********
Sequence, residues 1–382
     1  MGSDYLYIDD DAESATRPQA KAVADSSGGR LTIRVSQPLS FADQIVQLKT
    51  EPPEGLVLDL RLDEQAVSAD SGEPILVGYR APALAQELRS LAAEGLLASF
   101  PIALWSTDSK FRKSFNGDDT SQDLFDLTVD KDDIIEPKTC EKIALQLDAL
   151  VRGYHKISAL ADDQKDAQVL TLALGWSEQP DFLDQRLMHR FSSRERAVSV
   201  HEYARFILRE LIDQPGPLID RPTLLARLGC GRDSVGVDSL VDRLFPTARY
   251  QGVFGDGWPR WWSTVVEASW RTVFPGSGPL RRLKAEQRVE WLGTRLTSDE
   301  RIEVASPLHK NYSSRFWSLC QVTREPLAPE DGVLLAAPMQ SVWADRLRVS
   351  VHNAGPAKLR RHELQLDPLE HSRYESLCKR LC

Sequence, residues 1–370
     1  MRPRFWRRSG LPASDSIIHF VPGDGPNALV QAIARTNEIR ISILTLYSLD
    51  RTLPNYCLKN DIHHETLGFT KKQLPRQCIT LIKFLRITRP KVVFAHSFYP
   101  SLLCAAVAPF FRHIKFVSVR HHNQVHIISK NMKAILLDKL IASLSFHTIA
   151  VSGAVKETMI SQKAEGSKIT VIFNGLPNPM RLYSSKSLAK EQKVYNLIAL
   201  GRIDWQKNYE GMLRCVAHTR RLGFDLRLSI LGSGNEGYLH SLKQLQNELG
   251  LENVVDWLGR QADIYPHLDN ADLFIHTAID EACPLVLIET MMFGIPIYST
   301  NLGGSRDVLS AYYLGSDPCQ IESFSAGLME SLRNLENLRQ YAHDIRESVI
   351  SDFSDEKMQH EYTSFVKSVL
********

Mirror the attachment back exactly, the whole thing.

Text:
Sequence, residues 1–382
     1  MGSDYLYIDD DAESATRPQA KAVADSSGGR LTIRVSQPLS FADQIVQLKT
    51  EPPEGLVLDL RLDEQAVSAD SGEPILVGYR APALAQELRS LAAEGLLASF
   101  PIALWSTDSK FRKSFNGDDT SQDLFDLTVD KDDIIEPKTC EKIALQLDAL
   151  VRGYHKISAL ADDQKDAQVL TLALGWSEQP DFLDQRLMHR FSSRERAVSV
   201  HEYARFILRE LIDQPGPLID RPTLLARLGC GRDSVGVDSL VDRLFPTARY
   251  QGVFGDGWPR WWSTVVEASW RTVFPGSGPL RRLKAEQRVE WLGTRLTSDE
   301  RIEVASPLHK NYSSRFWSLC QVTREPLAPE DGVLLAAPMQ SVWADRLRVS
   351  VHNAGPAKLR RHELQLDPLE HSRYESLCKR LC

Sequence, residues 1–370
     1  MRPRFWRRSG LPASDSIIHF VPGDGPNALV QAIARTNEIR ISILTLYSLD
    51  RTLPNYCLKN DIHHETLGFT KKQLPRQCIT LIKFLRITRP KVVFAHSFYP
   101  SLLCAAVAPF FRHIKFVSVR HHNQVHIISK NMKAILLDKL IASLSFHTIA
   151  VSGAVKETMI SQKAEGSKIT VIFNGLPNPM RLYSSKSLAK EQKVYNLIAL
   201  GRIDWQKNYE GMLRCVAHTR RLGFDLRLSI LGSGNEGYLH SLKQLQNELG
   251  LENVVDWLGR QADIYPHLDN ADLFIHTAID EACPLVLIET MMFGIPIYST
   301  NLGGSRDVLS AYYLGSDPCQ IESFSAGLME SLRNLENLRQ YAHDIRESVI
   351  SDFSDEKMQH EYTSFVKSVL